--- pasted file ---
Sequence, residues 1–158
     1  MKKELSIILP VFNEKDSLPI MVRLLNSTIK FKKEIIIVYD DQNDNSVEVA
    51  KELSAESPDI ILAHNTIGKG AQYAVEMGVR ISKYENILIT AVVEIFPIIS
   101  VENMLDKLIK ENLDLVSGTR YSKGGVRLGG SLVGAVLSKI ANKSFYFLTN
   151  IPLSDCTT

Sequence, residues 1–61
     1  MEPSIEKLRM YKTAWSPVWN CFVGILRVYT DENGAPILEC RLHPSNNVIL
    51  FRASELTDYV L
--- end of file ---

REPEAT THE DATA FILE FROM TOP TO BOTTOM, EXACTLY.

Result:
Sequence, residues 1–158
     1  MKKELSIILP VFNEKDSLPI MVRLLNSTIK FKKEIIIVYD DQNDNSVEVA
    51  KELSAESPDI ILAHNTIGKG AQYAVEMGVR ISKYENILIT AVVEIFPIIS
   101  VENMLDKLIK ENLDLVSGTR YSKGGVRLGG SLVGAVLSKI ANKSFYFLTN
   151  IPLSDCTT

Sequence, residues 1–61
     1  MEPSIEKLRM YKTAWSPVWN CFVGILRVYT DENGAPILEC RLHPSNNVIL
    51  FRASELTDYV L